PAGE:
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The Flourishing of Libertarian Literary Writing

July 15, 2014 in Economics

By Matt McCaffrey

Although libertarians and Austrian economists have been interested for a long time in the relationship between art and liberty, there’s been relatively little effort to develop a distinctly liberty- or market-oriented form of literary theory; critical theory is a playground for myriad “isms,” but libertarianism isn’t often counted among them. Fortunately, this situation is beginning to change, as there’s a lot of exciting work being done in the field of literary studies, which isn’t usually known for its sound economics or liberal political philosophy.

Much of the creative energy behind this new research can be attributed to Paul Cantor, who has devoted an impressive career to exploring the relation between markets, art, and popular culture. If you want an overview of the topic, you can listen to Cantor’s fascinating lecture series from 2006 on Commerce and Culture. Especially important is the book he edited with Stephen Cox, Literature and the Economics of Liberty: Spontaneous Order in Culture, which helped lay the foundations of a libertarian literary criticism.

There are many other writers who are pushing the boundaries as well, especially those at the Austrian Economics and Literature blog. To name only one contributor, Sarah Skwire frequently covers neglected classics like the operettas of Gilbert and Sullivan, along with unfairly-maligned works like Thoreau’s Walden.

For now though I want to discuss two recent additions to the growing literature. The first is a new book by Allen Mendenhall, Literature and Liberty: Essays in Libertarian Literary Criticism. The book seeks to expand the work done by Cantor and others in developing a new approach to criticism. Jo Ann Cavallo writes in her review:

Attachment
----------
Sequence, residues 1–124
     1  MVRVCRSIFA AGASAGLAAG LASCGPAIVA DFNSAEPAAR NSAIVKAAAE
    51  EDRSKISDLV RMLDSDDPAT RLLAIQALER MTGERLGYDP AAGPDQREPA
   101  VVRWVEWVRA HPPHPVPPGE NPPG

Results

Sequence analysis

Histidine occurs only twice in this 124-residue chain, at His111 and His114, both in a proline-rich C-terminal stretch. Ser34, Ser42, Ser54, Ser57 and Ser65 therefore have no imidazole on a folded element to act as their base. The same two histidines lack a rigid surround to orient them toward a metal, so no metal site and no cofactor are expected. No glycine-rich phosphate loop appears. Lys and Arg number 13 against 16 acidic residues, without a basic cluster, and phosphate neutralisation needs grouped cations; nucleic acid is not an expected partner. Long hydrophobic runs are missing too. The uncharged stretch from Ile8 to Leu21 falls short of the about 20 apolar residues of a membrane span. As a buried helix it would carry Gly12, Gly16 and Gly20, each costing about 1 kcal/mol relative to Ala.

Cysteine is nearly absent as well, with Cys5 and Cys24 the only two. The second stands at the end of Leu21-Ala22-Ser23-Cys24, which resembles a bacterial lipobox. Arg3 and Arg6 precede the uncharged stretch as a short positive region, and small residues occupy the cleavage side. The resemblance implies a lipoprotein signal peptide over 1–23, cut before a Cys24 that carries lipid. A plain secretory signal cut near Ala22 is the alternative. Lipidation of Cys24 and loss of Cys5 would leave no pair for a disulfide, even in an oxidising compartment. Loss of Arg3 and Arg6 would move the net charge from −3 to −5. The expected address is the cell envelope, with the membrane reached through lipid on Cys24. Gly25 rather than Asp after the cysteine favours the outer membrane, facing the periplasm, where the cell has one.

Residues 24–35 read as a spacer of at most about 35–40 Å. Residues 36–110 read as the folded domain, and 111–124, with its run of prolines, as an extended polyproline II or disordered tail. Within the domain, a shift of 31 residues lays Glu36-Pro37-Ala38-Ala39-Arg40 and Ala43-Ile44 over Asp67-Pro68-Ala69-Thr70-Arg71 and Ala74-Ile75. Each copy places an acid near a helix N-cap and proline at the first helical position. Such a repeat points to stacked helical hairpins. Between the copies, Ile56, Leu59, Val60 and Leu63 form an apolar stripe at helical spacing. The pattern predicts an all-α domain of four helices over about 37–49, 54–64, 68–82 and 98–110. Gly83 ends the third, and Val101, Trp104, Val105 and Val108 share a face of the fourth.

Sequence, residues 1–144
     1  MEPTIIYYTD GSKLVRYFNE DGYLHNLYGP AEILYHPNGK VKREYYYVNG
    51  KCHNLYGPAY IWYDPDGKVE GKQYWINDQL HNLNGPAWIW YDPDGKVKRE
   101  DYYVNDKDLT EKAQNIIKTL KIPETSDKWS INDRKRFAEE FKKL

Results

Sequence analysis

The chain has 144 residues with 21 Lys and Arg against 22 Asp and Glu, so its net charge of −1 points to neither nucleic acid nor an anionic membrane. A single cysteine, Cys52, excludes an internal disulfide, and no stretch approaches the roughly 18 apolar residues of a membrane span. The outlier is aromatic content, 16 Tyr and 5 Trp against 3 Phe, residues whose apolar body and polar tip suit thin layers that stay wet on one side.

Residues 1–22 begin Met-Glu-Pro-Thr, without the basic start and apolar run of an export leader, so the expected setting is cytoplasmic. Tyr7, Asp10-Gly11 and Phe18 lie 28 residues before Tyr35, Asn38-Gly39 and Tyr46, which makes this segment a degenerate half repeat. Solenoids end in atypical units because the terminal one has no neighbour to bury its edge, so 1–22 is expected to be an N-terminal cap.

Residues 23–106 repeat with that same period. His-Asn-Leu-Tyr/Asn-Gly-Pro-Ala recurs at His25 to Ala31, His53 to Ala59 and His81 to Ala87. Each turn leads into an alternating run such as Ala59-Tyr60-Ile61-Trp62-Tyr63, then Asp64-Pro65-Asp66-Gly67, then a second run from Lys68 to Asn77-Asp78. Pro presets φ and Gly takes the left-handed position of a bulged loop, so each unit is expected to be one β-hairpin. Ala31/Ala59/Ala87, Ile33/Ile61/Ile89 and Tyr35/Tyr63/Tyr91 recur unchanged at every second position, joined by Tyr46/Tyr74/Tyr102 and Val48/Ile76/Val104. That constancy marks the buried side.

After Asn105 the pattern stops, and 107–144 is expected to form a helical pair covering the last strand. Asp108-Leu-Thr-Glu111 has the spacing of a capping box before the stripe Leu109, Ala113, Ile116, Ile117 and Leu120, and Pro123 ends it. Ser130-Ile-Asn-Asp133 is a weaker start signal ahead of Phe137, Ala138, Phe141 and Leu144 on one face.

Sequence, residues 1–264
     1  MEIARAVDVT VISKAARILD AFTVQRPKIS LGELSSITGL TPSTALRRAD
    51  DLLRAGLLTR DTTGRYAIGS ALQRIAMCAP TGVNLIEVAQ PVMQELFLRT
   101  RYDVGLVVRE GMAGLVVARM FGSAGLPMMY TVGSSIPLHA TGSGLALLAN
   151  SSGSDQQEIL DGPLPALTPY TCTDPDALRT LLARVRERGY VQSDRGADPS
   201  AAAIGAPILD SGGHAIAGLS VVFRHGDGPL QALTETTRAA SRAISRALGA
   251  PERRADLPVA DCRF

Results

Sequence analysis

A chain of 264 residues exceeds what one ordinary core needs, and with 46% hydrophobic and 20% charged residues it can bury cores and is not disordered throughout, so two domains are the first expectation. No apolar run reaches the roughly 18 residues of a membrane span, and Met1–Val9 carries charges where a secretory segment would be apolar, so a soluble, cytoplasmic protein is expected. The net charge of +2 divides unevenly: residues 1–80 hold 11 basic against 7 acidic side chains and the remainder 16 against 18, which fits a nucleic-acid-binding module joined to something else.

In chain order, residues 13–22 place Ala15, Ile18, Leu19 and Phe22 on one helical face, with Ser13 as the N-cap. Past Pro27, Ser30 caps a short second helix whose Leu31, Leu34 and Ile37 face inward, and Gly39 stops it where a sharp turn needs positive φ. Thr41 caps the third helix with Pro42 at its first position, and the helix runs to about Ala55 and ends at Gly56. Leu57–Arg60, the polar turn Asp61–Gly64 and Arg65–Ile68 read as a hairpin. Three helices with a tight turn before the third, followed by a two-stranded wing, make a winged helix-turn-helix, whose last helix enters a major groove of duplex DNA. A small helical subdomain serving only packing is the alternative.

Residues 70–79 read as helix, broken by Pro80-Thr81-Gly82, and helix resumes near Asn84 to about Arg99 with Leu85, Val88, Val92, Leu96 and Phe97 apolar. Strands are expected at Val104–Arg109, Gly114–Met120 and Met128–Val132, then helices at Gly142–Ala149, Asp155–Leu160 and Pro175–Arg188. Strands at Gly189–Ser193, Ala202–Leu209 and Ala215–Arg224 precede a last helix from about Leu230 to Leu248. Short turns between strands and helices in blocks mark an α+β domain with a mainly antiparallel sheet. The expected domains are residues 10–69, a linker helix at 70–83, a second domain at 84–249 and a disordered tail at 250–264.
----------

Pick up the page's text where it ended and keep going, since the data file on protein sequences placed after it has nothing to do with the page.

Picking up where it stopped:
Not since the appearance of Edward Said’s Orientalism (1978) has a new literary approach invited us to read texts from a vantage point that jolts us into recognition of deep-seated ideological undercurrents that had previously remained unnoticed, or were simply passed over in silence. Yet whereas Said alerted readers to a literary misrepresentation of “the Orient” implicitly supporting European colonialism in the early modern and modern periods, libertarian literary criticism offers a more sweeping analysis of political power structures, aimed at understanding literature and society in any time period and at any point on the globe.

Power relations are immensely important in literary criticism, and because of its potentially wide scope, a libertarian analysis of power can deliver more insight than many other critical theories. The hope …read more


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